Has anyone does this with a Kurzweil keyboard?

 

 

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Has anyone does this with a Kurzweil keyboard?

 

Your PC3 can't play back .wav files, so you're not helping anything by using the Kurzweil to generate the click.

 

You need to find a way to synchronize not just the click, but also the triggering of the samples, to ensure everything stays in time.

 

Ableton Live, or Mainstage, or any other number of DAW hosts can do this for you.

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I use Reaper, which I'm assuming should work.. So I'm still not sure how to go about doing this. If I use my DAW to create an audible click track, insert riff wav files at the appropriate measures/bpm, and render the project, then I have one wav file with both the click track and the riffs audible- so how to set up so the click track is audible to the drummer, but only the riffs are audible through the PA for the listener?
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Can't he just sequence the click track in the PC3 and send it to an Aux out? I don't have a PC3, but I don't get why he can't do that, and then on another sequencer track, trigger samples, or better yet, just sequence those parts as well.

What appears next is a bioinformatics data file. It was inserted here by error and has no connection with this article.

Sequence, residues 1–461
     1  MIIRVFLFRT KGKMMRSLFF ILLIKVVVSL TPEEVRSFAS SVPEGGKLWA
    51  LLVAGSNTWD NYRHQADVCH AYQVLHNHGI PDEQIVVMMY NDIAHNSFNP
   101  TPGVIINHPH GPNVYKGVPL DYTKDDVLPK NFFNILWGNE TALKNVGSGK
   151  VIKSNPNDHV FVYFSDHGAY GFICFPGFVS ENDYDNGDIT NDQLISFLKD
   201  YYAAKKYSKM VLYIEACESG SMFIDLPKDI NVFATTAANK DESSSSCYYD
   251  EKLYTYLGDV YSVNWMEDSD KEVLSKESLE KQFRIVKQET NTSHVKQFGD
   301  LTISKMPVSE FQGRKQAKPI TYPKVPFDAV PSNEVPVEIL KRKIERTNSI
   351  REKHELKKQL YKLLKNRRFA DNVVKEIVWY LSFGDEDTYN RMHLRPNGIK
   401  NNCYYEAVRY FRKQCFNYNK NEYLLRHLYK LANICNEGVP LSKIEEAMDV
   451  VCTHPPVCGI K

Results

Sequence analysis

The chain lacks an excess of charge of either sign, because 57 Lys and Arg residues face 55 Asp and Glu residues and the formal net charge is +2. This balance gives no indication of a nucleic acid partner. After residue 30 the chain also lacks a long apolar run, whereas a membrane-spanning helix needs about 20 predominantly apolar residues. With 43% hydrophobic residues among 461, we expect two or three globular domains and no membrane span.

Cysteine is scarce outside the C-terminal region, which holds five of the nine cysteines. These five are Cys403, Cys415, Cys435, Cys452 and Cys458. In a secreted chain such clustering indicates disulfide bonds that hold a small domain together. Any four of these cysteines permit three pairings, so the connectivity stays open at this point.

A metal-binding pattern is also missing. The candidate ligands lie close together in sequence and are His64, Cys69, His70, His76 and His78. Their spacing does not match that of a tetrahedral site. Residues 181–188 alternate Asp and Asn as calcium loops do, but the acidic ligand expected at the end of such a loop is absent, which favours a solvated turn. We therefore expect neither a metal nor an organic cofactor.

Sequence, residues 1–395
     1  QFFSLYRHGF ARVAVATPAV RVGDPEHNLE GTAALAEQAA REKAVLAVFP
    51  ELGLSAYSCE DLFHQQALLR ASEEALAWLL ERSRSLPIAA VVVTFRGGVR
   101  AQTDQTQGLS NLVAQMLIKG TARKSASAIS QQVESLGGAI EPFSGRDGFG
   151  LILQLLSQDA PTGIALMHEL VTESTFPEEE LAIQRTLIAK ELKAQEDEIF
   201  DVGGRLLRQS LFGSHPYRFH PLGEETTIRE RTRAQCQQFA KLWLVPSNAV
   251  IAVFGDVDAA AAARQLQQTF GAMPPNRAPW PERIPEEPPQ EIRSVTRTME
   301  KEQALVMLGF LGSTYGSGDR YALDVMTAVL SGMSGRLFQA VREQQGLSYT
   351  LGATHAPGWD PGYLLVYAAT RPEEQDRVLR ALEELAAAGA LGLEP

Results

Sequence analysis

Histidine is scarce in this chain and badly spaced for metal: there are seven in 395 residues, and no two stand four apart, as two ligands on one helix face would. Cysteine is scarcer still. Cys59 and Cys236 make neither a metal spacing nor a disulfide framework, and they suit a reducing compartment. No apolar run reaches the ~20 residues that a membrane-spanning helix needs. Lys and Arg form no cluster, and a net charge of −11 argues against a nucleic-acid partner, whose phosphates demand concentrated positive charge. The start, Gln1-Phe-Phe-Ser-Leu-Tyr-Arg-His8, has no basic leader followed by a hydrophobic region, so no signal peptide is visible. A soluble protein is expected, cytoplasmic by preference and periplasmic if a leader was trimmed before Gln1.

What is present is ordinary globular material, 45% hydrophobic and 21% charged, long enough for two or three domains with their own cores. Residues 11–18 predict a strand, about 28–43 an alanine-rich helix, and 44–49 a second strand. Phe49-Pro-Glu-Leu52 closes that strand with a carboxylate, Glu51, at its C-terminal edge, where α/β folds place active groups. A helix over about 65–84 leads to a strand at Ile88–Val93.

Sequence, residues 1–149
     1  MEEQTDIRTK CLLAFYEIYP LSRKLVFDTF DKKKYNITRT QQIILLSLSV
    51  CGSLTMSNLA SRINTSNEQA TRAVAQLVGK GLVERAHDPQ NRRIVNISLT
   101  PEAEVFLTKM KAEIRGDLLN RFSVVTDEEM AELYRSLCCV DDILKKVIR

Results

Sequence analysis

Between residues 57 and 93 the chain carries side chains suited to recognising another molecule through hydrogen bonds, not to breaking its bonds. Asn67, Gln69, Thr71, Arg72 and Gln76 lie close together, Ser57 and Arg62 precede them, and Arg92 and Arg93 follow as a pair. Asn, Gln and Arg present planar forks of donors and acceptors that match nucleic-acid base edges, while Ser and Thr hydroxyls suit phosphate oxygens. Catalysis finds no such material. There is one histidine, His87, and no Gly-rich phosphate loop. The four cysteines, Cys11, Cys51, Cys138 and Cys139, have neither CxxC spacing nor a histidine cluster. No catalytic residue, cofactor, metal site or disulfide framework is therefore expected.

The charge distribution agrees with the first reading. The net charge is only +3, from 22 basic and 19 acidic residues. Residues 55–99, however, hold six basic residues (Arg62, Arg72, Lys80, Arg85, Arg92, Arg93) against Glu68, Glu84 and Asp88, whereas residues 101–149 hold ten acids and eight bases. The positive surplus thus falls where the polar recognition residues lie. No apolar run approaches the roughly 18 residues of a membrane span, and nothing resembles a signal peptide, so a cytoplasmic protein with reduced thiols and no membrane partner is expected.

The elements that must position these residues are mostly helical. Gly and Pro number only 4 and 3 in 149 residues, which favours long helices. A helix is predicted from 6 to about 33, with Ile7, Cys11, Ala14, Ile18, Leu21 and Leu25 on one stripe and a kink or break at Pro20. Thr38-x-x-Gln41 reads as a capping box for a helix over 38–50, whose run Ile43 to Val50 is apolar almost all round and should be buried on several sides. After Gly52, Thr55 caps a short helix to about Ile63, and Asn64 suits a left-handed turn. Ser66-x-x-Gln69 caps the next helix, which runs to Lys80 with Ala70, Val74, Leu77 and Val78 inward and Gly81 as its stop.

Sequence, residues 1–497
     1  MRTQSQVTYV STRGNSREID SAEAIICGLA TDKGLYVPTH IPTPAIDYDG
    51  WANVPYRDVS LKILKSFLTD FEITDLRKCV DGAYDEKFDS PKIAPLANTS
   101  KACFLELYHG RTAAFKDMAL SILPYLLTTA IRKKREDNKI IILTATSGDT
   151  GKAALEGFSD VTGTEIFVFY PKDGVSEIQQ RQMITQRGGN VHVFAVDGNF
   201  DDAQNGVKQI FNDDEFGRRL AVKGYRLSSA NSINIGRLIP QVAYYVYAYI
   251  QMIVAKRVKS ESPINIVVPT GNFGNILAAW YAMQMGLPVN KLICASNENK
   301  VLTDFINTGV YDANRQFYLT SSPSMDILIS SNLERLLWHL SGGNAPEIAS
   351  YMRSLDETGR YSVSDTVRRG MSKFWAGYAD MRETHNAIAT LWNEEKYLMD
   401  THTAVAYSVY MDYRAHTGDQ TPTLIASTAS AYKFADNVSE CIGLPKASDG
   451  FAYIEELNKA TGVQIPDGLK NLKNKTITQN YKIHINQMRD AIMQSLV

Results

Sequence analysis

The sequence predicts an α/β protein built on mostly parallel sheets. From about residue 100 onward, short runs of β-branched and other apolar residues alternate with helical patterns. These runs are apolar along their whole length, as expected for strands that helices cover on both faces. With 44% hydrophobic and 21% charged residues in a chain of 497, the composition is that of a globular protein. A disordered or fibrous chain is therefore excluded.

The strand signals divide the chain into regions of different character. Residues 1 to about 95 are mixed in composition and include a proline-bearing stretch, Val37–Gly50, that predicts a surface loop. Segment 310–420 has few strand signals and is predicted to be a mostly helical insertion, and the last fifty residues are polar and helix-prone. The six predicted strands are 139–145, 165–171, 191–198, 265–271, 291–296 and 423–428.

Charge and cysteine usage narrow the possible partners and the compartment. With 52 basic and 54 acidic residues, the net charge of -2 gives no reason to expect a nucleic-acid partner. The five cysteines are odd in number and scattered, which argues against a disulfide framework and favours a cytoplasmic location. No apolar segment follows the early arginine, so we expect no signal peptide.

Dan

 

Acoustic/Electric stringed instruments ranging from 4 to 230 strings, hammered, picked, fingered, slapped, and plucked. Analog and Digital Electronic instruments, reeds, and throat/mouth.

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If I use my DAW to create an audible click track, insert riff wav files at the appropriate measures/bpm, and render the project, then I have one wav file with both the click track and the riffs audible- so how to set up so the click track is audible to the drummer, but only the riffs are audible through the PA for the listener?

 

Answer: pan.

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Can't he just sequence the click track in the PC3 and send it to an Aux out? I don't have a PC3, but I don't get why he can't do that, and then on another sequencer track, trigger samples, or better yet, just sequence those parts as well.

 

The PC3 does not play back samples.

 

Sure, if he wanted to sequence the part, your suggestion works, presuming the sounds he needs are in the PC3; but it sounded like it was lengthy "production" type parts, and he already has the samples. That's what I was replying to.